Many Alberta landlords are under the false impression that they need to use a 14 day eviction notice to get tenants out of their property and unfortunately they don’t understand how toothless an eviction notice really is under the current legislation.

Unlike other provinces where the notices carry weight, in Alberta eviction notices tend to simply give tenants more time rather than actually get problem tenants out of your property.

Here’s a list of the reasons why you shouldn’t use an eviction notice and I’ll close up with when you should be using an eviction notice.

Reason 1, It Doesn’t Get The Tenant Out

The most important reason a landlord should bypass the process of serving an eviction notice is probably the most important. It’s because the tenant doesn’t have to vacate.

You heard that right, an eviction notice is simply a warning from the landlord that they want a tenant out. It holds no legal value by itself and if the tenant doesn’t vacate by the end of the 14 day notice period the landlord still has to file an application for a hearing.

Which leads me to issue number two.

Reason 2, It Gives Extra Time

Those hearings through the RTDRS are currently so backed up at the time of me writing this it could be another four weeks before an actual hearing takes place and even then the tenant may be given another month to vacate.

The normal time period between filing an application used to be 7-10 days, now it’s ranging from 21-28 days depending on where you are in the province and the 14 day notice period simply gives the tenant extra time in the property.

Which leads to issue three.

Reason 3, You Typically Don’t Get Paid For The Extra Time

During the 16 day period involved with an eviction notice (14 full days plus one on either side ot serve and to vacate) landlords rarely get paid by the tenant.

Of course this is related to non-payment of rent issues, but if the eviction period overlaps the beginning of the month the incentive for the tenant to pay is gone leaving the landlord to use the security deposit to recover lost rent and to pay for cleanup.

Once they’ve vacated it’s on your dime to pay for any additional expenses.

Which leads to issue four

Reason 4, Difficult To Track Tenants Down If They Vacate

So your tenant hasn’t paid rent for a month or two and you give them an eviction notice. To your delight you find them moving out on the eviction date, but they leave a huge mess behind that costs you thousands in cleanup and repair.

Plus you’re out the month or two of rent and now you’re thousands of dollars in the hole on your rental property. Ideally you’d want to go after the tenant to try and get a judgment against them for at least the rent and hopefully the damages, but once the tenant has vacated it becomes very challenging to track them down.

They rarely leave a forwarding address when leaving a mess behind and unless you know where they work it can be a challenge to track them down. The problem being, you need to serve them a hearing application to try and get a judgment against them and it needs to be served in person.

See the problem?

There are some workarounds for this, but they work with varied effectiveness and it’s not unusual for a smart tenant to have it thrown out years later if they understand how the system works and then you have to repeat the process. And you’re still out the money and now more time.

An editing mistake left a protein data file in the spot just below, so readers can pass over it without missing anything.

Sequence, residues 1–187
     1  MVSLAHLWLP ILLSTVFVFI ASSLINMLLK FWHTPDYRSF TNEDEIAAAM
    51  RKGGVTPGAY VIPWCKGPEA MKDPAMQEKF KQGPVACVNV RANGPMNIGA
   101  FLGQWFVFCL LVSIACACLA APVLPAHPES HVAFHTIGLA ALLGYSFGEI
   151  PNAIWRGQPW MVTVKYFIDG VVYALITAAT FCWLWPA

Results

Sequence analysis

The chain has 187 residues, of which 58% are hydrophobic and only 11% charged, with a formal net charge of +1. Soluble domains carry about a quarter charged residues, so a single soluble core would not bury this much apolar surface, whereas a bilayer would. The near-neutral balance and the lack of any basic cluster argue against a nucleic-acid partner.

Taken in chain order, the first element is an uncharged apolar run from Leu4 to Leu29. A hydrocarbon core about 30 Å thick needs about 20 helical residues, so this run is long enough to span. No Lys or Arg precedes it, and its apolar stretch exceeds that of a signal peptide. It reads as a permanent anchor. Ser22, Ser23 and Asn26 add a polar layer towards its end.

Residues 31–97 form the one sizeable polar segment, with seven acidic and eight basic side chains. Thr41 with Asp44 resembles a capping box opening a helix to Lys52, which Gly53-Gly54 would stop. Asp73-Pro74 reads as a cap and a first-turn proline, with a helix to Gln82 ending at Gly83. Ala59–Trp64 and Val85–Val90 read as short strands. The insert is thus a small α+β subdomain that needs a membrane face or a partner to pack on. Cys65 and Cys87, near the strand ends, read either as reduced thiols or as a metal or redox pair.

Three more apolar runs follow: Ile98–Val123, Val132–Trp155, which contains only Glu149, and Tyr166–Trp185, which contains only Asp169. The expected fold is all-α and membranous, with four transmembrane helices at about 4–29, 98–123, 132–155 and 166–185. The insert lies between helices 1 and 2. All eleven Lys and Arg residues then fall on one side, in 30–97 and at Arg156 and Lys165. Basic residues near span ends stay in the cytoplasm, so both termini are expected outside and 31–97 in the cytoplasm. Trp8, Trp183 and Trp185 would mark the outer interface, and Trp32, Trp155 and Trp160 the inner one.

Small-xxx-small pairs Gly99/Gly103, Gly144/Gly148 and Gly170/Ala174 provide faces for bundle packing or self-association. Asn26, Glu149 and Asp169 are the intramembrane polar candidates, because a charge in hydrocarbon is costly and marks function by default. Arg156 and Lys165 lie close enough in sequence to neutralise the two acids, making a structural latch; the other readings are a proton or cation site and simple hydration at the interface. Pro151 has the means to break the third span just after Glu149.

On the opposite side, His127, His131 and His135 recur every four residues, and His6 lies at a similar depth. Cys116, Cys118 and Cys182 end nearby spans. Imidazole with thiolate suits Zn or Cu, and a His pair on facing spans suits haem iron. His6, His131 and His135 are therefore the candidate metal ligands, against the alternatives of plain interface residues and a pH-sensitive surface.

Reason 5, Eviction Notices Don’t Give You Judgments

Judgments are orders from the court for a tenant to pay an amount found to be outstanding. While an eviction notice can be used as evidence (I’ll talk about that momentarily), it doesn’t give you grounds to collect from the tenant.

You need an order through the RTDRS or the court that shows money is owed to you.

As a caveat here a judgment is still no guarantee of payment but it does show up on the tenants credit report for ten years and you have the option to renew it for an additional ten years. This can impact the tenants ability to get a new home loan, a car loan and potentially any loan during the duration.

I actually received payment from a tenant I evicted through the courts almost three years after the eviction when he discovered he couldn’t get a car loan until he paid the judgment off. Other tenants simply never need credit or loans, but you do get the satisfaction it’s haunting them for years…

And The Reason You Should Give Notices

Finally to close up there are a few reasons to provide eviction notices. the most common one and the only real reason is for a first offence that you simply want to create a record of.

Ideally this would be for late payment or non-payment as under the Residential Tenancy Act in Alberta if the notice is for non-payment the 14 day notice is nullified by them paying before the eviction date stated in the notice.

By having an eviction notice or two in your tenants file it opens the door for you to evict them for reasons that can actually stick and not allow them to simply pay before the eviction date.

If it’s for damage or threats to you or other tenants then you need to bypass the notice and file immediately to get the eviction started. delays could lead to actual violence or harm to other tenants or additional damage to your property. You can use 24 hour eviction notices to create additional evidence, but these need to be issued immediately when situations warranting them require.

Bottomline for landlords is that you should treat eviction notices as simply notices or warning and understand they really have minimal effect when it comes to tenants who don’t want to vacate or have no where to go.

Content sourced from: